Simple advice from a simple man, and it was easy for a young teen still learning his way in the world to keep such a simple set of rules in mind. Don't force yourself, respect the word 'no.' Let her go. The last component, the most brilliant stroke of genius, seemed self-explanatory in the context of not forcing himself: 'You have no right to take anything.'
He wouldn't understand what it really meant until twenty five years later on a cool night in front of the Lincoln Memorial.
His partner of five years walked beside him, grousing over the conclusions reached by one very young and very inexperienced Dr. Lance Sweets, who'd written a book about their partnership and concluded Seeley Booth and Temperance Brennan were in love with each other. Brennan was grumbling that he'd been off base to suggest her lack of faith in long-term romantic relationships had anything to do with her repeated experiences of abandonment (she had science and plenty of cross-cultural studies to back her up), whereas Booth muttered his agreement that he did not go around saving everyone because of his own history of physical abuse.
Yet, "the two of you are in love" kept bouncing around inside his skull. Booth knew he was desperately in love with her, that much was most certainly true. Bones was his best friend, his one true partner who would do anything for him, all he need do is ask; and in return he would do anything for her. Stealing a glance at her, the golden brown hair falling over her shoulders, her misty grey eyes troubled, her long legs carrying her gracefully down the steps beside him, he couldn't help but to think she was perfect. An impossible expansion filled his chest when he looked at her, warmth and contentment just from being beside the person who knew him so well and comforted him merely by existing. Adding to the appeal was the fact that she was also beautiful and temptingly near, the sweet scent of citrus drifting to him as she brushed a little close at that bottom step: he was exquisitely aware of her on every level of consciousness, not only love but an acknowledgement to himself at last that he wanted her so badly.
Did she want him, too? Sometimes, the way she would look at him, he thought it must be so.
"One of you has to have the courage to break this stalemate," Sweets had argued not twenty minutes ago, glancing back and forth between complacent partners with all the frustration of knowing the right answer but watching helplessly while the idiots on screen bungle it and lose the final jeopardy round.
"You." He'd pointed to Booth and threw out the challenge. "It's gotta be you because you're the gambler."
In the office, he'd grabbed for a fast exit rather than listen to Sweets trying to tempt him. Gamblers take risks and he would never risk his partner. Never risk hurting her or scaring her, never risk losing her. Why would the kid try to get him to gamble?
Yet the idea that Sweets would deliberately induce him to gamble — knowing his past — didn't fully mesh either. Sweets thought she was in love too, and for all his inexperience the kid actually did have a good handle on reading people. So it had to be true. Right? Booth reviewed the last year, her constant support and encouragement, the soft glow of love that he sometimes saw in her eyes. And yes, at times, he'd almost detected longing.
So, if he knew he loved her and now it seemed certain that she loved him too, there was no risk. If they were both in love with each other then why were they stuck in a stalemate? You know the answer, bet it all for the Final Jeopardy round, a crafty little whisper prodded. Bones was cautious, but Booth knew a safe bet when he saw one and the kid had urged him to go ahead and make the play. Just be a little bit more bold when the answer was a sure thing. It didn't make sense to keep stalling.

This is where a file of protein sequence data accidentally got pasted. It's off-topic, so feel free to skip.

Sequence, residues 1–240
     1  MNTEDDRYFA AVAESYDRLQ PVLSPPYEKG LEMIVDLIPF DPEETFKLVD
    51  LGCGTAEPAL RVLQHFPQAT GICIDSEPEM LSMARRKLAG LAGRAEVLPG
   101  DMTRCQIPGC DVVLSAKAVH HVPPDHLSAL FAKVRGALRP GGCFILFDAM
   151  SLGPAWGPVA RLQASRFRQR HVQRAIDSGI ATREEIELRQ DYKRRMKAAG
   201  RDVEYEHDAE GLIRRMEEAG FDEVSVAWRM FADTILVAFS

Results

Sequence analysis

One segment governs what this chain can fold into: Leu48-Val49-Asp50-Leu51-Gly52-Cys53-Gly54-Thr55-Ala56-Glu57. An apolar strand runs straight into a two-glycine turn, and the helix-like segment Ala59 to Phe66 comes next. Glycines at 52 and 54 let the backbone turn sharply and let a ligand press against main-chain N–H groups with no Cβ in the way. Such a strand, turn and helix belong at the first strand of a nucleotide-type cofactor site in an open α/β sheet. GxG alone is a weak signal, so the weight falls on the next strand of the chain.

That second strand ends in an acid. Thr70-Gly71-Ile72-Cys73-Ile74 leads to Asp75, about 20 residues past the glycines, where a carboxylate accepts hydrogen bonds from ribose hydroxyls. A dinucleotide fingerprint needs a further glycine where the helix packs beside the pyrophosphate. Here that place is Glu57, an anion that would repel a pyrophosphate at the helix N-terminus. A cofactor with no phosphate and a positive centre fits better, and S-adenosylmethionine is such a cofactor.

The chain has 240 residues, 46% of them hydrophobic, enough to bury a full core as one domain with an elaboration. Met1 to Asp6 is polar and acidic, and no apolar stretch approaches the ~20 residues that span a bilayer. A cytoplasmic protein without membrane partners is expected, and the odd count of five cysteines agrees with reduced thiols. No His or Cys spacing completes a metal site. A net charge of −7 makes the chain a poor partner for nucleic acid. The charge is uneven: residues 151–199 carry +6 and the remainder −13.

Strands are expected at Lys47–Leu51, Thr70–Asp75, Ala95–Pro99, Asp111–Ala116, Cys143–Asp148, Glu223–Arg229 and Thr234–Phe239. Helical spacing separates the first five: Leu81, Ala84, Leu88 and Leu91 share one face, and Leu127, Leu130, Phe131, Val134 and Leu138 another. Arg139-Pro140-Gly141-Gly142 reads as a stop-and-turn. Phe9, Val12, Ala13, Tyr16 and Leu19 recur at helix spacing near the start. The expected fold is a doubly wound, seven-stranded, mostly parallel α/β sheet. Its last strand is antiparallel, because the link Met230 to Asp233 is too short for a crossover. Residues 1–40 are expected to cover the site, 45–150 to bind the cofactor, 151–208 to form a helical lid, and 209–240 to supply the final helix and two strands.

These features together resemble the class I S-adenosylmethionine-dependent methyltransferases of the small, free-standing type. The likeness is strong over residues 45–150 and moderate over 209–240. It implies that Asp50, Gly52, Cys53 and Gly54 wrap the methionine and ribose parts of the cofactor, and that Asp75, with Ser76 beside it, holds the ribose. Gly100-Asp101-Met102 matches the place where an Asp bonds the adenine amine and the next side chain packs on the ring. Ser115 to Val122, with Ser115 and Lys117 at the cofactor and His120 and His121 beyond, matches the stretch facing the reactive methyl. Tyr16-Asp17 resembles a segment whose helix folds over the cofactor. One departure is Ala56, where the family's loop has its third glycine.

So he drew a breath and took the plunge. "I'm the gambler."
But it wasn't much of a risk. Right? This wasn't falling off the wagon when it was a sure thing. It was more like betting the sun was going to rise in twelve hours after counting sunrises together for five years. They'd gone through so much already, formed the perfect partnership and beat the odds again and again to the point where the odds were in their favor. So it was only a very small risk and the odds were stacked so high in their favor ... because he knew she loved him too. He knew it. "I believe in giving this a chance."
Bones halted at the bottom step, turning to him with confusion. He moved closer to her, his beautiful partner for whom 'want' took on it's most archaic definition: something desperately needed rather than simply desired. He needed her but he also adored her and every moment he spent with her left him wanting (needing) more. If they were together, he'd have even more time and they could get even closer and that was what he wanted (needed) the most. To be as close as possible, as close as she'd let him be.
"Look, I wanna give this a shot."
Trying to read the caution in her eyes, he wasn't sure why she was hesitating. A sense of dread erupted in him when she asked softly, "You mean, us?" And he could only nod while a gush of fear made his stomach swim. Suddenly, the risks loomed higher than a high-wire without a net. What if the unthinkable happened? What if she said no...?
And then she did.
Ever the opposite, to his nod she countered with a shake. "The FBI won't let us work together as a couple—"
An aging excuse, but they didn't need the crutch of a shared job any longer. They were coffee, they were more than murders and had been for years. "Don't do that. That is no reason why we can't..." In an instant he realized this was Bones, she would need proof: actions, not words, because actions always carried greater weight. So he ended his own argument to pull her closer and prove they were more with a kiss.
The last time he'd grabbed a girl and kissed her it might actually have been Susie Martin: as badly as that turned out, and especially after Pops was through with him, he'd never tried to steal a kiss again. Not until now, and only now because there was love and trust instead of just lust. You know the answer, that voice whispered again. He knew she loved him. He knew it and all he had to do was show her that it was mutual and it wasn't a risk for two people who loved and trusted each other so deeply to act on those feelings.